“My son is so emotional all the time. He’s angry, then he’s sad, then he’s excited. I can’t keep up,” said one friend. “I’m wondering if he needs therapy.”
“My daughter spends most of her time reading in her room,” said a different friend on a different day. “Do you think she’s okay? Should I make her spend more time with friends?”
Over coffee, a third friend confided that she’s started tracking how often her son smiles. “He just doesn’t seem happy,” she said, “and I don’t know what to do.” I nodded, thinking of how closely I too monitor my kids’ moods.
Of course we parents want our children to be happy. But behind our worries is an unspoken assumption of what a happy childhood looks like: some variation of a soft-focus laundry detergent commercial, golden sunlight in a grass-filled backyard, curly-haired children waving from a rope swing, beaming out at a benevolent world. When our children’s lives don’t look like that—when they are sad or sullen or angry—we decide there is something wrong with them. Or something we’re doing wrong with as parents.
It’s complete bullshit.
Imagine being a child in today’s world. You have little control over how you spend your time; you are shuttled from a mind-numbing seven-hour school day to after-school care or “enrichment activities” and, when that’s over, someone insists you do homework or chores. You rarely have a say in what you eat, what you wear, when you wake up, or where you go. The rules are baffling: Why do I have to sit while doing homework when I think better standing up? Why do I need to fold my shirt when I don’t care if it’s rumpled? Why do I have to be nice to Aunt Maria when she clearly doesn’t like me? You are regularly flummoxed by social dynamics because you’re still learning how to read people: Is my best friend angry at me or just tired? Did they mean that or are they teasing me? Your body doesn’t work the way you want yet, and it’s constantly changing; as soon as you get used to where your feet are, they move further away. You live with surging tides of emotion that you don’t know how to suppress or even name. You have no mask or hardened shell to protect yourself.
People with power over you are always ordering you to change: speak up, be quiet, chew with your mouth closed, sit up straight, pick that up, put that down, stop it, hurry up. Someone is often huffing exasperatedly, frustrated because you are too small, too slow, too squirmy, too something. On top of everything else, your parent is constantly hovering over you, brow furrowed, earnestly evaluating whether you’re “happy.”
Being a child is frustrating, befuddling, exhausting and frightening.
Kind of like being an adult.
What if we acknowledged that? What if we were okay that our kids don’t seem “happy” all the time? Kids are humans—a fact that we parents are prone to forgetting—and being a human is hard, messy work. It’s full of joy, pain, fear, love, connection, uncertainty, contentment, pride, self-doubt, compassion, jealousy, loneliness, laughter, grief, disappointment, shame, and unspeakable beauty. And every once in awhile, when you’re lucky and the stars align and your mojo’s rising, it is happy. Our kids should feel like those laundry-soap commercial kids sometimes. Maybe about as often as we feel like the people in shampoo ads.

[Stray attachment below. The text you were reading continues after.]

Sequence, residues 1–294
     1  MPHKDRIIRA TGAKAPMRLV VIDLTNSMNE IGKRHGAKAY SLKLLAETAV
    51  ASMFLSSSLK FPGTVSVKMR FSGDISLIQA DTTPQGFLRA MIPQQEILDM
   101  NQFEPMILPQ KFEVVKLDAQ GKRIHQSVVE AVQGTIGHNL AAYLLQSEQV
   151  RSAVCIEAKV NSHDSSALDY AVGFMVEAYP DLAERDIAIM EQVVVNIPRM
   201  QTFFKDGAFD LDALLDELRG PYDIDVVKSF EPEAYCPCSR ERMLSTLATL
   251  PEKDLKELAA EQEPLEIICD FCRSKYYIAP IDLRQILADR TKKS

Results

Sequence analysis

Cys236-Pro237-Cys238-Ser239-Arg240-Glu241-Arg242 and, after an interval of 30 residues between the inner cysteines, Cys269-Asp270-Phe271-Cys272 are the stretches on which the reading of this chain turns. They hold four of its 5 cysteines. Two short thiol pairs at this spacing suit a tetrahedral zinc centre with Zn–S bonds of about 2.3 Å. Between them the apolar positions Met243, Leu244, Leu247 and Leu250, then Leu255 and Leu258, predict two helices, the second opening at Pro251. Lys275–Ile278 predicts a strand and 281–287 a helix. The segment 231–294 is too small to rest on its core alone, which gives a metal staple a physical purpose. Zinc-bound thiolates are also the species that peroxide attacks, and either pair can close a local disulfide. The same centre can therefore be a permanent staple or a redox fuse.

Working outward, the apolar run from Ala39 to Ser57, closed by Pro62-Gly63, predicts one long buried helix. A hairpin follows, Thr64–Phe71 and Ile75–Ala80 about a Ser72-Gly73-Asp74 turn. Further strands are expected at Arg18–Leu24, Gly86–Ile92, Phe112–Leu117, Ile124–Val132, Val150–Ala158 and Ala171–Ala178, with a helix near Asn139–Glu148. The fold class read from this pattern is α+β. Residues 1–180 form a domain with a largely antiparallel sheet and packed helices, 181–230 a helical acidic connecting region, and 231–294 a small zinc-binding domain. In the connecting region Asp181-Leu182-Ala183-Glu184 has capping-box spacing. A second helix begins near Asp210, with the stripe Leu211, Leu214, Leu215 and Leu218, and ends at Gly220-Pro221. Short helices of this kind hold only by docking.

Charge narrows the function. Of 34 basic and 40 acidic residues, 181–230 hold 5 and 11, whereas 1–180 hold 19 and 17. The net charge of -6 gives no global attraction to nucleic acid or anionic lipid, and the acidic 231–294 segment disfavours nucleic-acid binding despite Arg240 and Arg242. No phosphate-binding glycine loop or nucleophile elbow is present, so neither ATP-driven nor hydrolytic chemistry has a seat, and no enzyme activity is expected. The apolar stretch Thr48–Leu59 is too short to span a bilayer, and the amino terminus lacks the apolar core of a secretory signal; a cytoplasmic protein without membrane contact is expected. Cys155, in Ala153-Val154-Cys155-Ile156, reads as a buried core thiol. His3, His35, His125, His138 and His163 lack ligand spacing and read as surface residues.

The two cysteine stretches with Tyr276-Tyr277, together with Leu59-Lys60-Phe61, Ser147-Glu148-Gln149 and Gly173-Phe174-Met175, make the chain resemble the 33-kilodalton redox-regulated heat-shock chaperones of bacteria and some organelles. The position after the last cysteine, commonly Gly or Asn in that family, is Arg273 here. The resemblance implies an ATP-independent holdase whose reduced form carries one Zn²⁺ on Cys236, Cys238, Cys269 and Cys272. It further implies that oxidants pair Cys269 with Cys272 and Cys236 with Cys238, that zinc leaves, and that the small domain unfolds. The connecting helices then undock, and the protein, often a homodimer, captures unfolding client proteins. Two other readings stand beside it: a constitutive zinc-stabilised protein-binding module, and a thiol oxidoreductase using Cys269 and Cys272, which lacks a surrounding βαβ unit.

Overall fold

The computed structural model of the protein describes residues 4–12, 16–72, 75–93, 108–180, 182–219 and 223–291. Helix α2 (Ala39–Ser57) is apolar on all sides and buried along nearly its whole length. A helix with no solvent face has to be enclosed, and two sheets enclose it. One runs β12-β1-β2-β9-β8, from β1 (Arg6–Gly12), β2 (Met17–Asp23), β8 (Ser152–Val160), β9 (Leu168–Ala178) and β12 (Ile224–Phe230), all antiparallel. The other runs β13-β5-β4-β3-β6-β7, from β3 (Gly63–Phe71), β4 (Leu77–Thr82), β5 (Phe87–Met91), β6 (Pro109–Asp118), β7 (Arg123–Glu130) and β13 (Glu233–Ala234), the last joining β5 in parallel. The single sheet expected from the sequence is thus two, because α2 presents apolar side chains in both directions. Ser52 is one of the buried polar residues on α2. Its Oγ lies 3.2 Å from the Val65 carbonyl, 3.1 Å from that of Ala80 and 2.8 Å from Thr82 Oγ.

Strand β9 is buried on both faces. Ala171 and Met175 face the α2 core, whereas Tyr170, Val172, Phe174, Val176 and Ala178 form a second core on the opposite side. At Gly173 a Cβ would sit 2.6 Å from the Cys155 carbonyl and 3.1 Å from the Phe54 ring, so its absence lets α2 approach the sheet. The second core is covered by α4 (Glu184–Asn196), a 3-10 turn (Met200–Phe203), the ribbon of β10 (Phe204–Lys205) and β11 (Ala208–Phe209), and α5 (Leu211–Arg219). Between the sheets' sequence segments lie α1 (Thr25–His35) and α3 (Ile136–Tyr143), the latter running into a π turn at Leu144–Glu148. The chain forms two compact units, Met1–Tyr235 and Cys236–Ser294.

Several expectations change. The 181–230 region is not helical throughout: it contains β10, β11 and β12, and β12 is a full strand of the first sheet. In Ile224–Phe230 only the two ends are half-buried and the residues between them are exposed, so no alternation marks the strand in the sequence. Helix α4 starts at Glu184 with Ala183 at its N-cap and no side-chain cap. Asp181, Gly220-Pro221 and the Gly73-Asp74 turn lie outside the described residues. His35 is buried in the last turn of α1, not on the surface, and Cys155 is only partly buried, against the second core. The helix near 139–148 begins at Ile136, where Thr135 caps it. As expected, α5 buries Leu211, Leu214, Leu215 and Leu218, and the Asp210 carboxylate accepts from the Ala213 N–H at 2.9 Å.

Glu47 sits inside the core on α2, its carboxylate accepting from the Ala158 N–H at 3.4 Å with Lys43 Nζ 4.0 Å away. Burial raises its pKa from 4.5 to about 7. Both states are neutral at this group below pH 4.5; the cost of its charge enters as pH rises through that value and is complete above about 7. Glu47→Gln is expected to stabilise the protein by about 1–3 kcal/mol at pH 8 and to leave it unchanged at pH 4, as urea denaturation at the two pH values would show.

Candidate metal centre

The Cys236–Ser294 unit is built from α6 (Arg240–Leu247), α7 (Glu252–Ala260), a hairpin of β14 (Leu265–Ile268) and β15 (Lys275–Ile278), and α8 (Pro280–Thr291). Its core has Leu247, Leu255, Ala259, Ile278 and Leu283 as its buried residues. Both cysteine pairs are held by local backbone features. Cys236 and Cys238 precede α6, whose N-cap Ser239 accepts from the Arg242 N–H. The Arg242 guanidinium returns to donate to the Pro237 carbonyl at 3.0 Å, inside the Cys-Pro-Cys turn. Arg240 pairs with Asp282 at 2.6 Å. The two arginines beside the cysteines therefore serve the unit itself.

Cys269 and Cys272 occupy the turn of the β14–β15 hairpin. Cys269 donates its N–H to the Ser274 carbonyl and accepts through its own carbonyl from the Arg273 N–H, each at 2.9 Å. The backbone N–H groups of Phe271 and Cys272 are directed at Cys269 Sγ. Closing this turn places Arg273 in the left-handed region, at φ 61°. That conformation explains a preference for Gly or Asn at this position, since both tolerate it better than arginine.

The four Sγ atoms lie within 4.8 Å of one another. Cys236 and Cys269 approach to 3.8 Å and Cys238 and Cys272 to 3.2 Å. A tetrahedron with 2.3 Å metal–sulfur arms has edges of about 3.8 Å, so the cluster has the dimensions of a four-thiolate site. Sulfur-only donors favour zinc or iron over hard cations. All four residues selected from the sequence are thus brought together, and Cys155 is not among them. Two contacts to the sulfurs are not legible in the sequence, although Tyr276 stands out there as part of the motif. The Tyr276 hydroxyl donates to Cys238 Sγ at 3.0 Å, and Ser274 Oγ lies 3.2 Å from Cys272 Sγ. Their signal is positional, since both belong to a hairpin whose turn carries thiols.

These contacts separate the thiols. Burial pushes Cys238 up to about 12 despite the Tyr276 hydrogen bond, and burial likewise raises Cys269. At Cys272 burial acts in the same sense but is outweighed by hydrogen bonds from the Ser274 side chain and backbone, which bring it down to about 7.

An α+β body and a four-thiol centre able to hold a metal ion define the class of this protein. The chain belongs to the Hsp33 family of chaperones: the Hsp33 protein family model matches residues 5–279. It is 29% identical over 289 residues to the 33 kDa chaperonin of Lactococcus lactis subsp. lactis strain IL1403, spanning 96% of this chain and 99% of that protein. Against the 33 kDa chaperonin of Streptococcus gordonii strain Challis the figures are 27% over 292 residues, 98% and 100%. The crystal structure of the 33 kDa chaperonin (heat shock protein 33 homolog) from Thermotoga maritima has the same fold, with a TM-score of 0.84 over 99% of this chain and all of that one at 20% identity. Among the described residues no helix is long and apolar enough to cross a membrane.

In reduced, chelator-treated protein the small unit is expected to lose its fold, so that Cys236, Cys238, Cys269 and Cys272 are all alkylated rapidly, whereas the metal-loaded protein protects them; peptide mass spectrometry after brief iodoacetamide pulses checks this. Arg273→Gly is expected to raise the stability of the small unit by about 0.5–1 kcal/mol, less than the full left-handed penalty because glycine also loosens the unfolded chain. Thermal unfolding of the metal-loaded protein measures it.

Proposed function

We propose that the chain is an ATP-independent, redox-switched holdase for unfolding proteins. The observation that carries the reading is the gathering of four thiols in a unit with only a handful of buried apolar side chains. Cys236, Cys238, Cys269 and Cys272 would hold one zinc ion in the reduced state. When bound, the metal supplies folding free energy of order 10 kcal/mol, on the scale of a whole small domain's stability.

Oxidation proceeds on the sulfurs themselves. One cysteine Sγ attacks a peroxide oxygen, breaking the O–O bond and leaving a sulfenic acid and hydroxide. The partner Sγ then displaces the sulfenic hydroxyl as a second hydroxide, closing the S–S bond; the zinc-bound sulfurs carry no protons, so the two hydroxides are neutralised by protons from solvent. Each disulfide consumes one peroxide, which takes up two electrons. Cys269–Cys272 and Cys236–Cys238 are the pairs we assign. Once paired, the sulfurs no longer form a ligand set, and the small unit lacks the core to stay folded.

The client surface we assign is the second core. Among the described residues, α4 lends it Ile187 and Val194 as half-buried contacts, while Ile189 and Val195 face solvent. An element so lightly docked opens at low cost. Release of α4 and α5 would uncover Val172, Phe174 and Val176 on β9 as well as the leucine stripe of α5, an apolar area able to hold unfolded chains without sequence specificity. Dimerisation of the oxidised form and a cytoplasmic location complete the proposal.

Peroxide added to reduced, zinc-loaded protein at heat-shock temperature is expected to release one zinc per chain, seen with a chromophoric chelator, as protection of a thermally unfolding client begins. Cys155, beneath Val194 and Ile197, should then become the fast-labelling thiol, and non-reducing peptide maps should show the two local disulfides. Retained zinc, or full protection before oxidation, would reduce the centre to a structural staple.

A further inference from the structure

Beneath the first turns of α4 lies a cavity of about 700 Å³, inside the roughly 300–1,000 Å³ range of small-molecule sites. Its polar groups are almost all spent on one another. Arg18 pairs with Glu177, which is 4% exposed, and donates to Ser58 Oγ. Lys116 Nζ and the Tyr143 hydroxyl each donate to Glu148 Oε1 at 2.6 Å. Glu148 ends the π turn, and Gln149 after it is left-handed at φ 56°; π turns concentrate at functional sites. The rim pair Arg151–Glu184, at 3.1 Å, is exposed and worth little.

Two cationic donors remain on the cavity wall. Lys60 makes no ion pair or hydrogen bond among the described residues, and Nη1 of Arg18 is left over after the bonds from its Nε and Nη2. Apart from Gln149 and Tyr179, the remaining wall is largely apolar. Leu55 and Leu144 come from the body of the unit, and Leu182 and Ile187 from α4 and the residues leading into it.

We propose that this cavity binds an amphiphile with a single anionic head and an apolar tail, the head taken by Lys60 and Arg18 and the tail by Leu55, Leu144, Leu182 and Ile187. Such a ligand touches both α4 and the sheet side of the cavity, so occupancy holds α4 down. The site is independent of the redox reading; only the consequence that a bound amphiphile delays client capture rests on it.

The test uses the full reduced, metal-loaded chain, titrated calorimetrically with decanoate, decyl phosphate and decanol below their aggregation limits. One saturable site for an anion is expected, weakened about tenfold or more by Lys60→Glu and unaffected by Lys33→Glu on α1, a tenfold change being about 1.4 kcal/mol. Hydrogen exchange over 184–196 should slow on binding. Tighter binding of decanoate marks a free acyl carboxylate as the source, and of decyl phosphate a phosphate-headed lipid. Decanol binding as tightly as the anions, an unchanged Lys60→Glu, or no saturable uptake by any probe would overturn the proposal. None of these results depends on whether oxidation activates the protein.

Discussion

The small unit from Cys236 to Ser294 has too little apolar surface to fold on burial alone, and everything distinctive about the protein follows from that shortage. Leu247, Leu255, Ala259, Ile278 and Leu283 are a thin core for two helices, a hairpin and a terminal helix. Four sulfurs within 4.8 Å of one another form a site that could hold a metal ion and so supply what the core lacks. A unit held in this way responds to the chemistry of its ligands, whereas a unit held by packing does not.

Obviously, if your child has tried to hurt themselves, snatch up your beloved one and run to a therapist’s office (or the emergency room). If they are struggling with everyday activities, such as refusing to go to school or do homework, or if their mood or personality has shifted significantly, make an appointment. But in the absence of such alarming behavior, consider whether the issue is something less urgent and catastrophic: your child is struggling to navigate the complexities of life as a human being.
What would happen if we let go of this painfully unattainable vision of childhood happiness? What would our job be as parents, if we take away the pressure to curate an unbroken strand of Instagram-perfect memories for our children to carry into adulthood? To provide a safe childhood, obviously, to the extent we have any control over that. To provide a loving childhood, which includes forgiving ourselves on those days when we hate our kids just a little for any number of reasons. To help them find moments of joy and laughter and silliness and fun. To teach them tools to handle the inevitable dark parts: self-knowledge, self-care, self-control, social cues, gratitude, resilience.
This is where therapy might come in. There are tools to handle these darker parts of life and our kids need help learning them, just like they need help learning table manners and geometry. If you’re not facile with these tools yourself, or if you don’t know how to teach them to your child, a therapist can help. But therapy cannot ever “make them happy.”
And neither can you.
So let that go.
At the end of the day, we want our children to be prepared for the roller-coaster of adulthood, both the darkness and the light. Which children will be better prepared: those whose parents set-designed a fictional world of never-ending happiness or those whose parents taught them to lash together a raft and ride out the inevitable storm? The answer is obvious.